Question about the rules to follow when evaluating infinite limits

I learned to solve infinite limits diving the whole function by the leading term, knowing that when you have a fraction, if it is in the numerator you will get $\infty$, and if it is in the denominator a number.

For example, this is how I would solve this exercise:

$$\lim _{x\to \infty }\left(\frac{x^4+2}{3x+5}\right)=\lim _{x\to \infty }\left(\frac{1+\frac{2}{x^4}}{\frac{3}{x^3}+\frac{5}{x^4}}\right)=\lim _{x\to \infty }\left(\frac{1+0}{0+0}\right)=\frac{1}{0}=\infty$$

However, there seems to be something that my teacher forgot to tell me, and I could not find anything about that on the internet. I noticed there is something wrong when trying to solve the following exercise:

$$\lim _{x\to \infty }\left(\frac{7x^5+1}{-3x+8}\right)=\lim _{x\to \infty }\left(\frac{7+\frac{1}{x^5}}{-\frac{3}{x^4}+\frac{8}{x^5}}\right)=\lim _{x\to \infty }\left(\frac{7+0}{-0+0}\right)=\frac{7}{0}=\infty$$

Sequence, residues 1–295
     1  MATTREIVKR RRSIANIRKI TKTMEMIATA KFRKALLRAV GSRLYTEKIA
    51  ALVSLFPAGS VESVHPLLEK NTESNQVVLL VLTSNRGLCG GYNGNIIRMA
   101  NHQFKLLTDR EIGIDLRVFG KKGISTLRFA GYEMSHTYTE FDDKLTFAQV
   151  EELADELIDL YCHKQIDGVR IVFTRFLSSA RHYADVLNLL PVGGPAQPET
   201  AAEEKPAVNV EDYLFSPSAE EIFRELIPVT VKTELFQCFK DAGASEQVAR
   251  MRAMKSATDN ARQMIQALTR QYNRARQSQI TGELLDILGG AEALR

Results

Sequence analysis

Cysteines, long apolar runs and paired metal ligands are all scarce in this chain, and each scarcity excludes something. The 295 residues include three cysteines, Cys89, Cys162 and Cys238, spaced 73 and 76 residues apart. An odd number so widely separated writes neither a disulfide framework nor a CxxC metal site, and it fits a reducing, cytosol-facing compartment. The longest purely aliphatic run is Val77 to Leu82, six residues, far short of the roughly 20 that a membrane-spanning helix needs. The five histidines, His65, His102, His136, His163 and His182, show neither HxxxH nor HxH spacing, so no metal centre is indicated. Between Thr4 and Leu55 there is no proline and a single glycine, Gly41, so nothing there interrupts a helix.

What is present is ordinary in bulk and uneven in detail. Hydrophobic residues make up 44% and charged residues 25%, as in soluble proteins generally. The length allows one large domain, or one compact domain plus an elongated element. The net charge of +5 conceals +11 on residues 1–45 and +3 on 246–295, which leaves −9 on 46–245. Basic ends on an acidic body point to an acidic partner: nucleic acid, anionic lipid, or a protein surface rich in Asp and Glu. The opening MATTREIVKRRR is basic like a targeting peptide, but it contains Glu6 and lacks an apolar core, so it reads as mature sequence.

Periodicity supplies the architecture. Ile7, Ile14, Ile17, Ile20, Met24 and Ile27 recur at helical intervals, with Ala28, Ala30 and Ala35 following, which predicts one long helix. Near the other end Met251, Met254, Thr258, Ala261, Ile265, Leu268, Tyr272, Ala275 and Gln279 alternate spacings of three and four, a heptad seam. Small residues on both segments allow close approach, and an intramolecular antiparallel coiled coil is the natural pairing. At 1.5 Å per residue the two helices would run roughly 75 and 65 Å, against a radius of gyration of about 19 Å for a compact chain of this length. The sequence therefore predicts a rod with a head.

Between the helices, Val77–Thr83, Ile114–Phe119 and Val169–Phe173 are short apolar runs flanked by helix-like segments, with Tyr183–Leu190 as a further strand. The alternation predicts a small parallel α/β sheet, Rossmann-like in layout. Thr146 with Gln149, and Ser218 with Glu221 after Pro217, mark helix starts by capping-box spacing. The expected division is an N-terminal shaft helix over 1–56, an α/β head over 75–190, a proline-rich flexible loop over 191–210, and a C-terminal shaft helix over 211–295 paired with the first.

The answer is $\infty$, but the sign should be negative: $-\infty$. When I tried to evaluate the limit with an online tool, it says that you divide the function by the highest denominator power, doing this instead:

$$\lim _{x\to \infty }\left(\frac{7x^5+1}{-3x+8}\right)=\lim _{x\to \infty }\left(\frac{7x^4+\frac{1}{x}}{-3+\frac{8}{x}}\right)=\lim _{x\to \infty }\left(\frac{7x^4}{-3}\right)=\frac{\infty \:}{-3}=-\infty$$

Why should I choose the highest denominator power in this case? What makes it different from the first example I wrote? Because if I try to evaluate other functions following this rule I get the wrong answers, so it does not always work.

$$\frac{7}{0}$$
$$-0=0$$
$$\frac{7}{0}$$ you were actually missing the fact that the limit goes to $-\infty$ and not $\infty$